The coronavirus pandemic presents the economy with two main challenges: getting control of the monstrous fiscal deficit, and returning unemployment from a double digit rate to reasonable proportions. This is the message of the annual report of the Bank of Israel for 2020, which Governor of the Bank of Israel Amir Yaron presented to President Reuven Rivlin today. The report comments on the measures introduced by the government and the central bank, the one in order to curtail the pandemic and the other in order maintain financial stability.
The crisis caught Israel is a good economic position but the damage was severe, although less than expected. GDP shrank by 2.5% as private consumption fell 9.5%, largely because of enforced social distancing. On the other hand, the rate of private saving reached record levels, as did the current account surplus, thanks to exports led by the technology sector that mitigated the effect on GDP.
Inflation was negative in 2020, at minus 0.7%. The effect of the pandemic on economic activity and on fuel prices, and the appreciation of the shekel, both contributed to this. But what mainly concerns Yaron is the labor market, which sustained "a sharper blow than GDP." The average broad unemployment rate for the year rose to 15.7%, with low-paid workers being the worst affected. This artificially raised the average wage.
Yaron: Approving the 2021 state budget is a vital step
At the beginning of the crisis, Governor of the Bank of Israel Yaron, who acted forcefully to stabilize the financial market, spent a considerable amount of time in meetings with the Ministry of Finance and the government. But as time went on, the government's decisions seemed to become more and more populist, and Yaron's advice seemed to be cast aside.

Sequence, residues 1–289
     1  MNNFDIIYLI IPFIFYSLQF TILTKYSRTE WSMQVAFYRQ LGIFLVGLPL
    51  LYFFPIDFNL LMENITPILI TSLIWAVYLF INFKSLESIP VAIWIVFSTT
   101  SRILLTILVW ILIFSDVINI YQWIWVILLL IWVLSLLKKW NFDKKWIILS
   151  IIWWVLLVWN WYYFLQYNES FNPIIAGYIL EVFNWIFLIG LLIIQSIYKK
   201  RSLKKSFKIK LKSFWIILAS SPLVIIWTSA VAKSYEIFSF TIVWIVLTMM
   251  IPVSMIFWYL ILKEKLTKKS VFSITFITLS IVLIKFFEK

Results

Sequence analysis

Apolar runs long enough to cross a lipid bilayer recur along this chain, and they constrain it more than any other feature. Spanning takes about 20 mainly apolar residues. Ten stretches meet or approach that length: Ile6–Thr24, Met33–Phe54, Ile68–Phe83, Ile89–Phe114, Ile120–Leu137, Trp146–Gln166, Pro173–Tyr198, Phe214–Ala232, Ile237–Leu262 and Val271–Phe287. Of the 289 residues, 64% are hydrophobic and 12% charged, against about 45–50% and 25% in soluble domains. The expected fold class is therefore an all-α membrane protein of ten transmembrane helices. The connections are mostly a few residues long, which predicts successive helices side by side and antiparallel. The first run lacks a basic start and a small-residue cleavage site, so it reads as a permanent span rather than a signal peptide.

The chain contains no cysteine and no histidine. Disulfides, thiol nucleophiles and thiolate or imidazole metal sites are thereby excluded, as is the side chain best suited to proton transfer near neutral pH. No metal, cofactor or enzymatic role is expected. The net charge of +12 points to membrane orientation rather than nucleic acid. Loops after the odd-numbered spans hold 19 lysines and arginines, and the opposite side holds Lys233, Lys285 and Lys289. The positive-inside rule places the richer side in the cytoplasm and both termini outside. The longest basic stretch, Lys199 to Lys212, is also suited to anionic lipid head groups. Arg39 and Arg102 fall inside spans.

In the chapter of the report on fiscal policy, in which transfer payments made to assist households and companies were the main cause of the rise in the fiscal deficit to 11.6% of GDP and to the growth in the debt:GDP ratio from 60% on the eve of the pandemic to 72.6% by the end of the year, the Bank of Israel finds that fiscal policy will have to be adjusted in order to ensure a fall in the public debt:GDP ratio.
"To achieve that, the phasing out of the special expenditure connected to the crisis will not be enough," Yaron said, as the large and widening structural deficit before the crisis necessitates additional adjustments. The government, however, needs to conduct itself within orderly frameworks and in accordance with long-term fiscal rules in order to preserve the credibility of fiscal policy - something that is difficult, if not impossible, in the current political situation. "Approval of the state budget for 2021 is a vital step in this context," Yaron said.
The sub-prime crisis versus the Covid-19 crisis
The Israeli economy entered the Covid-19 crisis is a pretty good state, but the cumulative damage of the crisis, up to the time of the writing of the report, is estimated at 5% of GDP. The Bank of Israel writes that this is four times the damage from the entire sub-prime crisis of 2008, and is similar to the cumulative damage during the two years following the dot.com crash (2001-2003).
Nevertheless, the Bank of Israel states that it is too early to make a comparison between the total damage done by Covid-19 and that of the dot.com crash (12% of GDP). The previous crises were mainly on the demand side, whereas the Covid-19 crisis combined the supply and the demand side because of the restrictions imposed by the government. Unlike in the dot.com crash, when the technology sector made the damage worse because of its high proportion of the economy as a whole, in the Covid-19 crisis the export performance of Israel's technology sector stood out for the good.
Published by Globes, Israel business news - en.globes.co.il - on April 6, 2021
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